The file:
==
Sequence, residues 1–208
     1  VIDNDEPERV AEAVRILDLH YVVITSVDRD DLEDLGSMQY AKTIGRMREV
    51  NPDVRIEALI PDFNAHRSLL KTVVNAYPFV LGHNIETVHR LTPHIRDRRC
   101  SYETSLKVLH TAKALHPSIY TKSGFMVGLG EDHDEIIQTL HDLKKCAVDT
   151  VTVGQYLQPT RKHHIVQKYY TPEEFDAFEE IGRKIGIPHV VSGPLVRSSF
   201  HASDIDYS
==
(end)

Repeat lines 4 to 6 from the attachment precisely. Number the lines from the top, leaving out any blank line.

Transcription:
   101  SYETSLKVLH TAKALHPSIY TKSGFMVGLG EDHDEIIQTL HDLKKCAVDT
   151  VTVGQYLQPT RKHHIVQKYY TPEEFDAFEE IGRKIGIPHV VSGPLVRSSF
   201  HASDIDYS